Cancer of the bile ducts: Interventional techniques in hilar and intrahepatic biliary structures

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Chapter 50D Cancer of the bile ducts

Interventional techniques in hilar and intrahepatic biliary structures


Malignant disease resulting in high bile duct obstruction (Fig. 50D.1)—that is, obstruction above the junction with the cystic duct—is not uncommon. Although frequently related to primary tumors of the biliary tree (see Chapters 49, 50A, and 50B), hilar obstruction, and even intraductal tumor, can be seen with other common malignancies such as breast, pancreatic, and colorectal cancers. Significant technical progress has occurred in both endoscopic and percutaneous biliary drainage, allowing safer palliative treatment of patients with such obstructions. Because these patients are often asymptomatic at presentation, the goals of treatment should be clearly defined prior to committing the patient to even a minimally invasive procedure. First and foremost, whether the patient is a surgical candidate should be determined. With the exception of patients who are clearly in a palliative situation, we prefer to discuss these patients in a multidisciplinary group with hepatobiliary surgeons, interventional radiologists, oncologists, and gastroenterologists to outline a plan of treatment. A thorough understanding of this plan and of the patient’s prognosis facilitates the development of a strategy for drainage. Accepted indications for palliative biliary drainage in these patients include intractable pruritus, cholangitis, the need to restore liver function to allow for administration of chemotherapeutic agents with biliary metabolism/excretion, access for intraluminal brachytherapy or choledochoscopy, and diversion for bile leak. Given the availability of high-quality magnetic resonance cholangiopancreatography (MRCP), direct cholangiography as a diagnostic tool is rarely warranted (see Chapters 17 and 18; Choi et al, 2008; Park et al, 2008).

Endoscopic Versus Percutaneous Drainage (See Chapter 18, Chapter 27, Chapter 28 )

Patients with low bile duct obstruction are typically treated endoscopically. Patients with high bile duct obstruction, particularly when the obstruction extends above the hilus, have traditionally been treated percutaneously. This is because the success rate of percutaneous drainage has been higher, and the complication rate lower, when compared with endoscopic methods (Rerknimitr et al, 2004). This perspective is evolving as endoscope technology becomes more advanced, and endoscopists become better trained and more experienced in wire-guided procedures and have better guidewires and stents with which to work.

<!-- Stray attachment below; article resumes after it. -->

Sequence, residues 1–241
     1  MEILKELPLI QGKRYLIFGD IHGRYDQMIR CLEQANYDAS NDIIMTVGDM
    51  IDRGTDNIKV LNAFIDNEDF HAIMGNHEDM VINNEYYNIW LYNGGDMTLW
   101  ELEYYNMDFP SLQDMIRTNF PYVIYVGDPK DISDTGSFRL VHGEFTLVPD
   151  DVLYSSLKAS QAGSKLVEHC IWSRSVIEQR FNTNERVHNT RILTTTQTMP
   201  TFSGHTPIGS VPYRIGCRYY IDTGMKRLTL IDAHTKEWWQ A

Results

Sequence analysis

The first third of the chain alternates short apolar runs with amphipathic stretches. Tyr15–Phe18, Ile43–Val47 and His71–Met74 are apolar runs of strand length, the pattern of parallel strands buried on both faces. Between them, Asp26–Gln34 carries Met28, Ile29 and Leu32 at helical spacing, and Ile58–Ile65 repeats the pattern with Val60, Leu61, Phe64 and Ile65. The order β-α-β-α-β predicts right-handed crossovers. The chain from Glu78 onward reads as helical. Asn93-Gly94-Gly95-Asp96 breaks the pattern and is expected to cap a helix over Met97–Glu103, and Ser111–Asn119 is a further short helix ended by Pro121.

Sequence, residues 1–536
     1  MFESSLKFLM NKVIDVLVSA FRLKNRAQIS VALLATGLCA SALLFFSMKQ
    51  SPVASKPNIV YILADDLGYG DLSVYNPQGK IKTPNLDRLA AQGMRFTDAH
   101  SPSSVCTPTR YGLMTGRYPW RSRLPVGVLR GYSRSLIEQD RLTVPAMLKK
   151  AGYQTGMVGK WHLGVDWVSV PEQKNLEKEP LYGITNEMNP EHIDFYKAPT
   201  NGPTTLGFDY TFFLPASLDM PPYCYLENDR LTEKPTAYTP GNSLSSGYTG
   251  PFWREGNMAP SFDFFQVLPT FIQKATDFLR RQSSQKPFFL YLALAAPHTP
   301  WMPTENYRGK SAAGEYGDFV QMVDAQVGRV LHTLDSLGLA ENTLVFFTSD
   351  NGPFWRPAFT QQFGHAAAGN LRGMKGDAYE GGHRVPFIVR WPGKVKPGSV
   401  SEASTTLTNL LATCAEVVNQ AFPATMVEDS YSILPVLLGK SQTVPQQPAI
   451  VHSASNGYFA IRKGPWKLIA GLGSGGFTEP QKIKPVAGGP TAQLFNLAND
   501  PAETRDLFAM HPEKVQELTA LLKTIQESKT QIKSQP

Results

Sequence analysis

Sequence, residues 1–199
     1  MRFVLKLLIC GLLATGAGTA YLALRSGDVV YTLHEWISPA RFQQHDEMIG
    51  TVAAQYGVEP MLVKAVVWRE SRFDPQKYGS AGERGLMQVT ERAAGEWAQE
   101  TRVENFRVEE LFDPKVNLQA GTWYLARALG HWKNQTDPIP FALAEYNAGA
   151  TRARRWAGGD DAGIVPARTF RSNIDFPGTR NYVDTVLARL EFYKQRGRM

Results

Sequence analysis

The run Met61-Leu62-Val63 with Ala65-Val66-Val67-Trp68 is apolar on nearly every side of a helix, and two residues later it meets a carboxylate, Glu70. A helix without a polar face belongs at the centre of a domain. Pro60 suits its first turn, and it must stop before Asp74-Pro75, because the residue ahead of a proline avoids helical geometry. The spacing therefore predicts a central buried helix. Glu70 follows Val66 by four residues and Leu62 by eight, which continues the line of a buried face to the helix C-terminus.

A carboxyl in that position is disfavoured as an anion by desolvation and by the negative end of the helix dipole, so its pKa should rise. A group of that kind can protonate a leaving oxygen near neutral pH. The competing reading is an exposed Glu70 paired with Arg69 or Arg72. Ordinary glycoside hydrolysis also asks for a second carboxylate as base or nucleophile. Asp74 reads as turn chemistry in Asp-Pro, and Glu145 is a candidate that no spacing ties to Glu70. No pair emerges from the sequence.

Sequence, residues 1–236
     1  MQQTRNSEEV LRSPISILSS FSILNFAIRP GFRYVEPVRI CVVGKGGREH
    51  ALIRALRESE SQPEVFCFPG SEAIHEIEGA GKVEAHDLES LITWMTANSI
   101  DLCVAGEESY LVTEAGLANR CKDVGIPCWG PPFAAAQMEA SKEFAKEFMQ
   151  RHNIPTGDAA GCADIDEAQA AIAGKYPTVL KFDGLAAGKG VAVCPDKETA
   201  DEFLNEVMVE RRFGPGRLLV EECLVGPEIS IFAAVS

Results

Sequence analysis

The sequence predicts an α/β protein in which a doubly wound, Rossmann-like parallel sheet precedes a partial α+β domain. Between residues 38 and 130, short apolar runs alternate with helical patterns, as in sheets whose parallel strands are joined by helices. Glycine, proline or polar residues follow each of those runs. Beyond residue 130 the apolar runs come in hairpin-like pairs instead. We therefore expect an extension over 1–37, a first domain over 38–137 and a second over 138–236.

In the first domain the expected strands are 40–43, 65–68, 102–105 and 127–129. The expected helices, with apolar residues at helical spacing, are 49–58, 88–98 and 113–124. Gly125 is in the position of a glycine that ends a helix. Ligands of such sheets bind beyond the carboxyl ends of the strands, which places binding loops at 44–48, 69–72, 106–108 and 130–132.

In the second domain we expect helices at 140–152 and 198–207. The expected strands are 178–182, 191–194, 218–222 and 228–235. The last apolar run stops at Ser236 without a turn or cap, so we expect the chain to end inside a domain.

The two biggest drawbacks to endoscopic drainage for high bile duct obstruction have been the lack of ability to reliably target a specific area of the liver for drainage and the risk of contamination, by retrograde injection of contrast, of parts of the biliary tree that will not be drained. It is not uncommon to see a patient who is thought to have undergone successful endoscopic stenting of the right and left liver only to find, upon repeat imaging, that is not the case at all (Fig. 50D.2). Despite this, endoscopic management is indicated in some cases of high bile duct obstruction. This is particularly so when the risk of the patient having a permanent exteriorized catheter is high or when a patient has a higher risk of contaminating the entire biliary tree if approached percutaneously.

One exciting new endoscopic approach is the placement of a transgastric segment III stent using endoscopic ultrasound. This procedure is considered when a patient is best treated by draining the left lateral segment, and the percutaneous approach is technically difficult, or where the risk of contaminating the right-sided bile ducts is thought to be high with or without being able to cross the obstruction. This is particulary indicated when draining the right liver would be of no clinical benefit, either because of replacement of right liver by tumor or occlusion of the right portal vein (Fig. 50D.3). When technically feasible, this procedure can be gratifying for the patient, with relief of pruritus and lowering of bilirubin without the added burden of a percutaneous catheter. Endoscopic drainage is almost never indicated in patients with papillary intraductal tumor because it can easily grow into a metallic stent and result in early stent occlusion. Intraductal tumor can be seen from cancers other than papillary cholangiocarcinoma. When intraductal tumor occurs in the setting of metastatic colorectal cancer, it is usually the direct extension of a parenchymal metastasis into the duct. Patients with intraductal tumor often require permanent indwelling catheter drainage. The indwelling multiple sidehole catheter allows bile to drain around the intraductal tumor, and it can be changed every 10 to 12 weeks to maintain catheter patency (Fig. 50D.4). Having a realistic idea of what is feasible endoscopically and percutaneously is very important when making the initial decision regarding who will treat the patient. This depends on a thorough understanding of the goal of treatment as well as knowledge of the skill level of the interventional radiologists and endoscopists available to care for the patient.